Thursday, September 18, 2014

Wedding Bells and a Cold

Today is quite a day. My oldest stepdaughter got married in England this morning, to a wargamer no less. I feel a little bit smug about the match since I was the one who introduced them. Here's wishing the happy couple all the best!
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Action was joined in G'wundaland yesterday where the Barsetshire Regiment encountered the fierce native warriors during a march northward. I'll post a report in a few days, since I have caught a stinking cold and really feel rotten right now.

Wednesday, September 17, 2014

In the Barracks, Fatah

"Horrible Harrington!"

The upper-class English voice rang across the town market square. CSM Harrington paused in the act of haggling for a rather nice blanket for his quarters and looked up, slowly scanning the crowded scene for a familiar face to go with the voice. I've not been called Horrible Harrington since I left Harrow. So who the hell is calling me by that name here?

A beaming if sunburned face beneath a broad-brimmed hat leaped into focus some yards away as a man approached him. Harrington took in the guise of a roughneck clad in new hard wearing clothes, subtracted them, the mustache and about a decade and groaned quietly. "Brickie Tuck-Poynter?"

That worthy rolled up to him, hand thrust out. "The very same! I heard you were in town." Cool grey eyes looked him over as they shook hands and the smile took on a tint of smirk. "In the army as a non-commissioned officer, no less!"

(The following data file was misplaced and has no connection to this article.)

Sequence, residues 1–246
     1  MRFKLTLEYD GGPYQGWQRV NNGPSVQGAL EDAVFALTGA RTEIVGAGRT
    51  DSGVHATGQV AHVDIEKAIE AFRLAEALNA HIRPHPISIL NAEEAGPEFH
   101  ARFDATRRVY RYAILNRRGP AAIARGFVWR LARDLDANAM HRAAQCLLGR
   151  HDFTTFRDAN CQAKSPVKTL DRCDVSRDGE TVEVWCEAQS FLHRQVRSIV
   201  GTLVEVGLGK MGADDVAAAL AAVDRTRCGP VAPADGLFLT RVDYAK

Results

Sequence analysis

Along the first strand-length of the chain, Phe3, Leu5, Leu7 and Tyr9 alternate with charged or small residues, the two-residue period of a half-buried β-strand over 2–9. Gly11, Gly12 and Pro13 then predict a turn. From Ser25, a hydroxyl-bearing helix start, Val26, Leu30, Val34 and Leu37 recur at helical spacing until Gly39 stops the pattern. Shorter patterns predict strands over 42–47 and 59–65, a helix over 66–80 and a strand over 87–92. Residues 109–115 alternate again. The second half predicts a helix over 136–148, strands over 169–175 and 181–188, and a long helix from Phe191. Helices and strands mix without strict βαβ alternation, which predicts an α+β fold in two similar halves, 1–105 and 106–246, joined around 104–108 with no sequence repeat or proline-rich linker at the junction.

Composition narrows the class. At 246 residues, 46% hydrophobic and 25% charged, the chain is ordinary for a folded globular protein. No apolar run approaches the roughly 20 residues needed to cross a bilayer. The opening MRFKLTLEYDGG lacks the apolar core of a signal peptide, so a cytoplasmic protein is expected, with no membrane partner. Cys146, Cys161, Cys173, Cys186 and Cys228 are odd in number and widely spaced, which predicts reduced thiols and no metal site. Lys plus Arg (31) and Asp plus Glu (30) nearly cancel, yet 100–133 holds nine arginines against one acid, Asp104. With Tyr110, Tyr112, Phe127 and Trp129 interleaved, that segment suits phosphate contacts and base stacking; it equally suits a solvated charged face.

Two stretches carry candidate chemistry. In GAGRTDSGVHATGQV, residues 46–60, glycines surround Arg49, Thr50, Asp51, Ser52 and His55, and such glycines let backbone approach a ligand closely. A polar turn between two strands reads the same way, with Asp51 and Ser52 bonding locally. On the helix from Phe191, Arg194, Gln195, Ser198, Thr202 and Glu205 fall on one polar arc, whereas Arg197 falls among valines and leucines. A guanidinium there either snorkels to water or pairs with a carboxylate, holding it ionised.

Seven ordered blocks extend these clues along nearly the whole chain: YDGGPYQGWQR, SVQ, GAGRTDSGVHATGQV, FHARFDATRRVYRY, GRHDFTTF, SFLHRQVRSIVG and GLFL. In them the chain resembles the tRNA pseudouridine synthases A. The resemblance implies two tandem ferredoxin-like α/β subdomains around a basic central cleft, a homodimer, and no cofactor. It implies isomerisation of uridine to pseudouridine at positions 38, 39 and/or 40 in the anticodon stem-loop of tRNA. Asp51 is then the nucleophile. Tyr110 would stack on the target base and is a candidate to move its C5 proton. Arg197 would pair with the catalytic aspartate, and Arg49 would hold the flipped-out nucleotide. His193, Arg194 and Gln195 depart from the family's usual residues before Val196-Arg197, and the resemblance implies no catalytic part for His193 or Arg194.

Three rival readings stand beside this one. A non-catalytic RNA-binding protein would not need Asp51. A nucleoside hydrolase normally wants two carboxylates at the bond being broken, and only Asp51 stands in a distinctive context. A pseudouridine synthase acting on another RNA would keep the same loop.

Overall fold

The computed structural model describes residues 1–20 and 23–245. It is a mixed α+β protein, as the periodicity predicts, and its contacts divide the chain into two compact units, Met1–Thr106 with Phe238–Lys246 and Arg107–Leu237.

"It has its benefits. What are you doing here, Brickie?"

Tuck-Poynter thrust his thumbs through his belt and grinned. "I'm here to aid the military power!"

Harrington looked at him, puzzled. "As what, a civilian commissary?"

Tuck-Poynter roared with laughter. Wiping his eyes he shook his head. "Oh, no, no. Something far better than that. I formed a volunteer group, a handy little unit, actually. We've got new Sharp's carbines - well, new-ish - from America. The government came up with the idea, actually. Well, they came up with it over a century ago to deal with all those annoying Scotch fellows sloshing about the place after that '45 revolt nonsense. Gave 'em land and gold if they'd bugger off to the Colonies to fight the French, what? My chaps and I are going to do the same here." He pointed at the dusty ground with a flourish.

Harrington had a sinking feeling. "You're going to fight alongside the army in return for land and gold?"

"The very same! What do you think?"

Harrington stared at him. "I think you're off your bloody rocker!"
* * * *
"No help for it, Fred, old chap." Colonel Trollope shook his head. "We're stuck with the silly blighters."

"They'll be a hindrance in the bush, sir." Fred glanced out the colonel's office window at the empty barrack square. "With this new advance planned we don't have time to play nursemaid to a band of adventurers, however well-connected they are. Can't we leave them in garrison here?" 

"I'm afraid not."Trollope tidied a stack of paper on his desk then clasped his hands and looked at Fred. "The Colonial Office is keen to see how this experiment plays out. If it works, well and good. If it doesn't..." He pursed his lips then gave a wicked little smile. "Too bad, really. Are your fellows up to snuff?"

Fred noted the change of subject. "They are, sir. They're keen to take another crack at the G'wunda tribe after what happened last time."

"That's the ticket. We're in better fettle than we were then, too, so I have confidence." Trollope glanced at the clock on the wall. "Well, young Fred, go and see all's well in their mess, then join me for a snifter." 

Fred stood, came briefly to attention then departed. 

He encountered CSM Harrington on the way to the barracks. "Have you heard the news, Sarn't-Major?"

Harrington looked glum. "If you mean the new volunteers, sir, yes, I have."

"What do you think?"

The tough young CSM sniffed. "I know the chap leading them. He'll either lead them to hell or glory."